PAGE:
Joe Zaldarriaga is a veteran, award-winning communicator immersed in public service within and beyond the energy sector. He has more than 30 years of experience serving the country’s biggest electric distribution utility and is involved in a number of public service functions, as member of various committees on public safety, power supply security and electrification. Concurrently, he is a prominent figure in the Philippine communications industry, as Chairman and Past President of the US-based International Association of Business Communicators Philippines (IABC PH). He is also an awardee of the University of Manila’s Medallion of Honor (Dr. Mariano V. delos Santos Memorial) and a Scroll of Commendation, a testament to his celebrated years in public service exemplified by outstanding communications.
Joe also shares his opinion and outlook on relevant national and consumer issues as a columnist in several prominent publications and is now venturing into new media via hosting a new vlog called Cup of Joe. Previously, Joe was a reporter and desk editor of a Broadcasting Company and the former auditor of the Defense Press Corps of the Philippines. A true green Lasalian, he finished with a degree in Asian Studies specializing in the Japan Studies program at De La Salle University, Manila, where he also spent his entire education.

Just recently, the government started the distribution of social pension payouts for indigent senior citizens in a bid to cushion the impact of inflation on rising prices of basic goods.

From a monthly stipend of PHP500, poor senior citizens will now receive double the amount at PHP1,000 per month. The said program is set to benefit over 4 million senior citizens—a sizable portion of the population, who, I believe, can continue to become active and meaningful contributors to national development.

According to the Department of Social Welfare and Development (DSWD), senior citizens covered by the social pension are those who are ineligible to receive stipends from public or private insurance firms such as the Social Security System, and Government Service Insurance System, among others.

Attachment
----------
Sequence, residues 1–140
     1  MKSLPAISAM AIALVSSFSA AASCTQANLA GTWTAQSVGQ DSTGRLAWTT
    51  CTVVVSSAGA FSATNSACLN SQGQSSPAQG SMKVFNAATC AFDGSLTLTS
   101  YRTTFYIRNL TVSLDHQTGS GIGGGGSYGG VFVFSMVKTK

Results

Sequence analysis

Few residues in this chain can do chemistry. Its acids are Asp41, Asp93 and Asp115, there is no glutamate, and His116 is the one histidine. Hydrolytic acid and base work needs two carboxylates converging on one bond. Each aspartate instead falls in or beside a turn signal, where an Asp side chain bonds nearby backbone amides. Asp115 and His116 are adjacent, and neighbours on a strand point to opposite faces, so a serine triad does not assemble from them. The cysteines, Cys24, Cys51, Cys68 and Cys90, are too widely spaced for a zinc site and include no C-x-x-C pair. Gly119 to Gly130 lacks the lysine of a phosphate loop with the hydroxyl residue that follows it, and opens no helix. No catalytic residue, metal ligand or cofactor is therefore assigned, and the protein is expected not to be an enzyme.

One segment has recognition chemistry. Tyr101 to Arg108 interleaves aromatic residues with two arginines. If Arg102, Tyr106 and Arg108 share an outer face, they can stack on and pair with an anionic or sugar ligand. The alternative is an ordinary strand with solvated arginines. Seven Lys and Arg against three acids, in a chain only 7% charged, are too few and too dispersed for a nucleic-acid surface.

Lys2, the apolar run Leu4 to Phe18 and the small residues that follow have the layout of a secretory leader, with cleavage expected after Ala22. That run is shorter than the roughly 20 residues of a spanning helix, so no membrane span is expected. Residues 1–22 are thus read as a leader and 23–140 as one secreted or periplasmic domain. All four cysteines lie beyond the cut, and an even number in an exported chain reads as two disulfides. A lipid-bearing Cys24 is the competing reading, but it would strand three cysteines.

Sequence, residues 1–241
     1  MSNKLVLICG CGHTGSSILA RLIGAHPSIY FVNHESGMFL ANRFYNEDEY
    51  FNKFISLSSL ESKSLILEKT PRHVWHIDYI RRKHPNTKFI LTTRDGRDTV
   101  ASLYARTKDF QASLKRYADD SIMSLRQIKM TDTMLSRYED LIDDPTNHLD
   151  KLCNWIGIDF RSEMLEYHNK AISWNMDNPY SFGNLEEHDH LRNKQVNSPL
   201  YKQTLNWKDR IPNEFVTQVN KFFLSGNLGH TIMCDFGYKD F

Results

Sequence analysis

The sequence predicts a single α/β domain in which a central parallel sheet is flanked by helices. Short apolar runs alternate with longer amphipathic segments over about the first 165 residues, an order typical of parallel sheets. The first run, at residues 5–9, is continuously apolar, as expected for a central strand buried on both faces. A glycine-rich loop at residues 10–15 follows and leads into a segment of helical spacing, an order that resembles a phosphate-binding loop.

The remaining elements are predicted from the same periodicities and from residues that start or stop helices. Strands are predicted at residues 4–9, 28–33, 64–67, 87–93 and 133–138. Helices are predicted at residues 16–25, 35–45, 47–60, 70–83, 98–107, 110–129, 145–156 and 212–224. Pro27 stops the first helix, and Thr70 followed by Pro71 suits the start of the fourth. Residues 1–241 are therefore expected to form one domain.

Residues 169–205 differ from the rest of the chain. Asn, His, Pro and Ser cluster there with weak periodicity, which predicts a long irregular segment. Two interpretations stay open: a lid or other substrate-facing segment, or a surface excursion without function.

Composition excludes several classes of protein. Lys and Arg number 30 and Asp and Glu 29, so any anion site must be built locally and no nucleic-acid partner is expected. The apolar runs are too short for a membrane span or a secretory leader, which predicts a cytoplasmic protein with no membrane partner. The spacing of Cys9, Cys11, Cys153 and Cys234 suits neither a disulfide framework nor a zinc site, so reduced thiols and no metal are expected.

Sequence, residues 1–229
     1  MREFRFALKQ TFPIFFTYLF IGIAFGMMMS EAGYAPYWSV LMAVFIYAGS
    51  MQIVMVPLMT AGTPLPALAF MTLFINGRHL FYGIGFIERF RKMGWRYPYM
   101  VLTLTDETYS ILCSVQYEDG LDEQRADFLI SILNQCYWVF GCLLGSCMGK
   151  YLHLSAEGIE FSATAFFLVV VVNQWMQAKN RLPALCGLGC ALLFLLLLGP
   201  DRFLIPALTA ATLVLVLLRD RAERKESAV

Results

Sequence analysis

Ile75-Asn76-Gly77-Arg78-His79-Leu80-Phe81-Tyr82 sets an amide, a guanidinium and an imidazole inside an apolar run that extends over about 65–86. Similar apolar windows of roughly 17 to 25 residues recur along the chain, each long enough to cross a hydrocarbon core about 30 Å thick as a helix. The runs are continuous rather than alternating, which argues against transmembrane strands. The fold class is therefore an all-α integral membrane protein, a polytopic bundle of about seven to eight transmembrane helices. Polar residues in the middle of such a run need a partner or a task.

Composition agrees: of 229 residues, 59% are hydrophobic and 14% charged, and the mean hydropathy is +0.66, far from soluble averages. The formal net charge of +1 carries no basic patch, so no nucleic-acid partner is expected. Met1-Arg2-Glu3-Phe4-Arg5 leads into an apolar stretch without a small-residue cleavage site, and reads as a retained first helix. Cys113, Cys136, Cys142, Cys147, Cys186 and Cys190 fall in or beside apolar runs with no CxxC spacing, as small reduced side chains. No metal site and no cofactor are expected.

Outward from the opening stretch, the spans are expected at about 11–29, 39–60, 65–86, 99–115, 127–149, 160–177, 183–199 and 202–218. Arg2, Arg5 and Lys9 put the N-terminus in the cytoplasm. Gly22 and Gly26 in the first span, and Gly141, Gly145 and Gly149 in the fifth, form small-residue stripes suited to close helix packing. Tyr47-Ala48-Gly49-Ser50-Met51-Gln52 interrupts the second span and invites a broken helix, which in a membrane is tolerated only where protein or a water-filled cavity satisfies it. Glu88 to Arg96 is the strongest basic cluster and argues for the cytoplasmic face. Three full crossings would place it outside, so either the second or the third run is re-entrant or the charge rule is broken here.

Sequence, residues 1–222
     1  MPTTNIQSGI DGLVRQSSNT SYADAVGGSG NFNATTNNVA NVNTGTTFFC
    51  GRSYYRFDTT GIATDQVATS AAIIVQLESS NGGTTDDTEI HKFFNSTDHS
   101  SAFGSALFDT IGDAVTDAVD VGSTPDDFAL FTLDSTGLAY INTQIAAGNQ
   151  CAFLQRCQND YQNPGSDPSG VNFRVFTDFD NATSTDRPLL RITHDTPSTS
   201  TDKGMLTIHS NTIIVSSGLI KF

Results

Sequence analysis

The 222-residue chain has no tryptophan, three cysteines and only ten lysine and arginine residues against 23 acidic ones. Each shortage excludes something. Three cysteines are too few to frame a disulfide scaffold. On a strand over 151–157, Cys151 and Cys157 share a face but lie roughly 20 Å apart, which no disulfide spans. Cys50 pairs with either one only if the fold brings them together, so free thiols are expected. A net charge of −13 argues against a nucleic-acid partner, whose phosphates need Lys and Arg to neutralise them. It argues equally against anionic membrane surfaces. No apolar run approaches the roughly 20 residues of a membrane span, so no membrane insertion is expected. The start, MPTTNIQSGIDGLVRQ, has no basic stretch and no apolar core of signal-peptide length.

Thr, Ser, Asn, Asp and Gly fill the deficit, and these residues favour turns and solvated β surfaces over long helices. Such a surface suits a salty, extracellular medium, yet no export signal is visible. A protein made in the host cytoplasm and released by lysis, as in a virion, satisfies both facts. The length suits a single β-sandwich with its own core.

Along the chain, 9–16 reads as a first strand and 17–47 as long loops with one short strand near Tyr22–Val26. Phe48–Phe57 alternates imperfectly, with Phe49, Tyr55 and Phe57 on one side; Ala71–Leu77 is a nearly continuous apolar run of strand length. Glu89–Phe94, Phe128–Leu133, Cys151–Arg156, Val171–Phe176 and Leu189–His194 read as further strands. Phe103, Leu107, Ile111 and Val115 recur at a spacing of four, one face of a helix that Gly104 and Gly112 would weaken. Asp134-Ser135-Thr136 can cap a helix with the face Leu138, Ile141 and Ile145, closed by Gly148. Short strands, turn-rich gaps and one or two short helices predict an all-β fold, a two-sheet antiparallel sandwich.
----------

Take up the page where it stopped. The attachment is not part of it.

As a senior citizen myself, I believe that there should be a more holistic approach in improving the benefits and social services available to Filipino elders. While some seniors may need more social support than others, it is crucial to review current benefits and privileges extended to all senior citizens to ensure their sufficiency and competitiveness in today’s dynamic market.

For instance, we can review discounts for basic goods, public transportation, and medicines to determine if there is a need to increase such benefits. And with the pandemic disrupting businesses, it’s essential to enforce express lanes for the elderly in commercial establishments, with strict enforcement of penalties for non-compliance.

To effectively manage resources and address the needs of senior citizens, regular consultations with the elderly coming from diverse educational and economic backgrounds can provide new perspectives on their needs, the roadblocks they face in availing government services, and the challenges they encounter as seniors in the Philippines.

As a new senior citizen and veteran communicator, I understand the importance of accurate information for the elderly. It’s crucial that senior citizens are informed about their benefits, as it can be a lifeline, especially for those who need greater social support.

To ensure that policies and benefits are aligned with the needs of senior citizens, a more proactive and robust information campaign is a must. After all, what good are these benefits and programs if the beneficiaries cannot or do not know how to avail of it themselves?

In this regard, both the public and private sector can work together to make our country more inclusive and age-friendly. Providing social support to seniors is not just the responsibility of the state, it also represents how we value their contributions to national progress and economic development.

It’s heartening to see that huge strides have already been made under the administration of President Ferdinand R. Marcos Jr. to protect and advance the welfare of senior citizens this early on.

The President launched the five-year Philippine Plan of Action for Senior Citizens (PPASC 2023-2028) last year, which aims to create a more age-friendly society and explore ways on how the government can tap the potential of the Filipino elderly. This is a welcome development given that there are around 9 million senior citizens in the country based on the 2020 national census.

While elderly Filipinos may not be as physically fit as the Gen Z and millennial workforce, they possess a wealth of experience and knowledge that can help in advancing national progress if effectively tapped.

Let’s continue to work towards improving the available social services for the elderly and keep them involved and informed about their rights, benefits, and privileges.